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Old 12-29-2018, 10:56 PM
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Default Making a chuck key out of some unknown

Was walking in the sand in the back kicked up a piece of metal while I was thinking about what I was going to use out of the scrap pile...

Oh plan is to make a double ended chuck key to use on both chucks 1 key

not sure where this came from as it was in the far back of my property
buffed off the rust with the wire brush and it appears to be some sort of tool or pin looks like one end was hammered on but other looks like a punch or handle insert..... anyway I chucked it up in the lathe and took a few light dust off passes but decided to take off about two thousandths and found it to be really hard stuff this is where it is at after about 15 or so passes mostly because I'm using a cheap carbide tool from HF and they chip and brake easy so just going easy with it chips aren't chips its more like fine steel wool instead of chips

but I am wondering when I am ready to machine the flats in it at the end
if I should use the surface grinder or if I should use the mill
I'm pretty much out of O/A so I cant do any "annealing" to it... not sure if spelled rite....

so because I'm not sure of what alloy it is which would be best to do the flats with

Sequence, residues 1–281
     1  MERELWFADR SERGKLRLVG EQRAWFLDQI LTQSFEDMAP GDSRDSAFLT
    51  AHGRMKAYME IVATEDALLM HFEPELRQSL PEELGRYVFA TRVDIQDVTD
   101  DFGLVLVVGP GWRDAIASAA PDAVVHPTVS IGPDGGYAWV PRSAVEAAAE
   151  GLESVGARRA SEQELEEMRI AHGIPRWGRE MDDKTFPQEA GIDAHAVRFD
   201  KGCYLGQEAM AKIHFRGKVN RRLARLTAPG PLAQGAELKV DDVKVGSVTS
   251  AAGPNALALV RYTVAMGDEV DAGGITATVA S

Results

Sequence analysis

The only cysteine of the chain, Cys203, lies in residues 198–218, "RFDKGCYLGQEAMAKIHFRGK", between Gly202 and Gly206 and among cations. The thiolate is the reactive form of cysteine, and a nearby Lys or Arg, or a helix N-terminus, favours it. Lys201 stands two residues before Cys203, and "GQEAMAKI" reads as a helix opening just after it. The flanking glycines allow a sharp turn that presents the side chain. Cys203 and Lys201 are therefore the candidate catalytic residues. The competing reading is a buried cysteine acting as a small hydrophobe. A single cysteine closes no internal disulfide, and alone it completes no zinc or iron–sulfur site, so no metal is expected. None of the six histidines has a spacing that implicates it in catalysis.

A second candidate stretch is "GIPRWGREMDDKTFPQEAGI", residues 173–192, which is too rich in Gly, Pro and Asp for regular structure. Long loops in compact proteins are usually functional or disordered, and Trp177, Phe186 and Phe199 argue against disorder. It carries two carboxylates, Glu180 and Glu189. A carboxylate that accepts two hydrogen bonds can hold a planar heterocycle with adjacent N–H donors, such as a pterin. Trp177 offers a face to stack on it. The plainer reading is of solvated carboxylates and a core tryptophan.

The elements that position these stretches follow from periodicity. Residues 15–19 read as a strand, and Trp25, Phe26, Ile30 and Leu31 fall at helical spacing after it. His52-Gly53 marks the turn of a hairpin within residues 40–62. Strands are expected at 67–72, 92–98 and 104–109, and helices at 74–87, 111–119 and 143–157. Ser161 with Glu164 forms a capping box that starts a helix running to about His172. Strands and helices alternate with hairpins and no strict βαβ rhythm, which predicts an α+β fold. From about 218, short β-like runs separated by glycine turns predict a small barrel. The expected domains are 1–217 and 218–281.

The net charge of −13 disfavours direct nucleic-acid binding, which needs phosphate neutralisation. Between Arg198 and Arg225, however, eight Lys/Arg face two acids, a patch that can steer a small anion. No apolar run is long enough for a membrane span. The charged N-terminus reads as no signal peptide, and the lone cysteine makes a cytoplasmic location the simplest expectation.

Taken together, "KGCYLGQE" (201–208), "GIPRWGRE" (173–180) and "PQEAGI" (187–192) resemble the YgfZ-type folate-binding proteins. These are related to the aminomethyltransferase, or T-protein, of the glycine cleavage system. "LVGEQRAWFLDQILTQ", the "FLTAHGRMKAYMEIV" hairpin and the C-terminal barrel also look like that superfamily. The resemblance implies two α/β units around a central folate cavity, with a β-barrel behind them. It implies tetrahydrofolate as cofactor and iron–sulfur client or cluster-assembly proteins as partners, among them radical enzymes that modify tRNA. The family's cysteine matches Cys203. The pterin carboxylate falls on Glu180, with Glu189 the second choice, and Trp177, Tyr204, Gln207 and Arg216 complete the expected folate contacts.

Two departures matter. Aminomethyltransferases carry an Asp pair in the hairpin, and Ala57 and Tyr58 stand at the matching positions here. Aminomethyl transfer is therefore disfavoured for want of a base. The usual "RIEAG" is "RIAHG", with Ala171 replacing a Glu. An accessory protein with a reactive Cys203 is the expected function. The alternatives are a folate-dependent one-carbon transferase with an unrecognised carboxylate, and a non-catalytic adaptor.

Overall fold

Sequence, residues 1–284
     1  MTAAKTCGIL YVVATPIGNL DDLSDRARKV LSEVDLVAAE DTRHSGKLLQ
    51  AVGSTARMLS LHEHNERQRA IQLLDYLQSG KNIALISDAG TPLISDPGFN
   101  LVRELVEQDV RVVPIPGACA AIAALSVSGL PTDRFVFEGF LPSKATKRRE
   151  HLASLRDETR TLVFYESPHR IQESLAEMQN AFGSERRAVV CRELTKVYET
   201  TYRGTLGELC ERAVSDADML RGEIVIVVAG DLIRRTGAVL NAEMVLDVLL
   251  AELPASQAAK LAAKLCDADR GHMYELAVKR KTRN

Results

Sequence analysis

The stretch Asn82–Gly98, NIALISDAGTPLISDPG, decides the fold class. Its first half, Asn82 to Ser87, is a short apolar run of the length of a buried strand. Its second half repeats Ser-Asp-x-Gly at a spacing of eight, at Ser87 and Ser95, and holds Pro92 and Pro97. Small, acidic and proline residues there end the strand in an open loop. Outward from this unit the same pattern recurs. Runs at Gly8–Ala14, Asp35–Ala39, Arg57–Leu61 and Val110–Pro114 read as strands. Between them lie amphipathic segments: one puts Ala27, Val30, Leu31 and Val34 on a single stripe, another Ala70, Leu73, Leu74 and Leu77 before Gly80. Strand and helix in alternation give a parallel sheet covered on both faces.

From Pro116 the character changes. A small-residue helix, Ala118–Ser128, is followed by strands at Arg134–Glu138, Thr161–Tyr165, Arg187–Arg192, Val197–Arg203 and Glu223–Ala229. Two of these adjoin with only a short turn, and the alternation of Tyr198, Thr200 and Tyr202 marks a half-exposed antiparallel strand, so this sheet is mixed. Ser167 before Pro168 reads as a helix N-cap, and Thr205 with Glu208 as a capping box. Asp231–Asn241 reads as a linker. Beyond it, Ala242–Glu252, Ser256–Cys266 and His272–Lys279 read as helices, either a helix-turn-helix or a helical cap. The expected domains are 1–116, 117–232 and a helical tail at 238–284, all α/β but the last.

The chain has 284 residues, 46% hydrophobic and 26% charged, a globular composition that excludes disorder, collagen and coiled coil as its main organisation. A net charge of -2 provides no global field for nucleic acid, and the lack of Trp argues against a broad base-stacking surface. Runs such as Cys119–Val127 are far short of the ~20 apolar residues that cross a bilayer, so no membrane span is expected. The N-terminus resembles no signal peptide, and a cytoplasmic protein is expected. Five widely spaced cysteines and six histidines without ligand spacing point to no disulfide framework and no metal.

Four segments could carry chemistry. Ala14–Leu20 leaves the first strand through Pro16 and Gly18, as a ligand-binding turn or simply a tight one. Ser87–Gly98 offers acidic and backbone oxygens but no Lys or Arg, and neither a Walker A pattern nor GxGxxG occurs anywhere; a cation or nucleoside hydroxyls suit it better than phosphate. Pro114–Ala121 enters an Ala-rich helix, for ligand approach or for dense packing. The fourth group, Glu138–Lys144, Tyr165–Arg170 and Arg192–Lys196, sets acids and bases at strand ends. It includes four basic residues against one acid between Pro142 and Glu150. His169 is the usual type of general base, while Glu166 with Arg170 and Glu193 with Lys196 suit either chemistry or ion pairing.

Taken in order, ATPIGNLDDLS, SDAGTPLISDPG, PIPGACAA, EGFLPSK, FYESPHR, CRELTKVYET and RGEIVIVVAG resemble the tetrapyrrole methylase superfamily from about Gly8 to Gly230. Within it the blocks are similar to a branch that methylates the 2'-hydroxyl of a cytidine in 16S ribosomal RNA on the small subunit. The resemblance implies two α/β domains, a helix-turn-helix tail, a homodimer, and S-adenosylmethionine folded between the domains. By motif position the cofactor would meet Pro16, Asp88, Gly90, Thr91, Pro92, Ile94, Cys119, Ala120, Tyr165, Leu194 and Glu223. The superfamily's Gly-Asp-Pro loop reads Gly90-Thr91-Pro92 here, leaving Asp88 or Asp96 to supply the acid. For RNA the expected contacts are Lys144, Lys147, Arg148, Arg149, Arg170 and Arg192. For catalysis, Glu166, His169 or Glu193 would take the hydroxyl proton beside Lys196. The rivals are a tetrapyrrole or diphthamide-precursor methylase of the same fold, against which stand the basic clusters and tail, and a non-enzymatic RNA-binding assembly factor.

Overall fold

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Old 12-29-2018, 11:10 PM
4gsr 4gsr is offline
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If that was some sort of pin from an implement or such, could be carburized or just down right hard in the 50's RC. Long stringy fine brillo pad chips plus not being able to take a heavy cut is an indication it is hard. Your HF tool bit is pretty tough taking cuts like that on something hard.

Carbide end or fly cutter should cut flats on it. If not, SG will. After all of that work is done and the first time you take a good bite on tightening on a piece of material and it snaps off, then it is too hard to use for a chuck wrench.

All of my home made chuck wrenches are made from 1144 or stressproof. Even 1018 cold roll will work, may wear out quicker. A piece of 4140/42 HT would be ideal but not that easy to find for most of us.

The last commercially made chuck wrenches I bought were made of 4140/42 HT, they were not rock hard or even in the 45-55 HRC range.

Ken
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Old 12-29-2018, 11:20 PM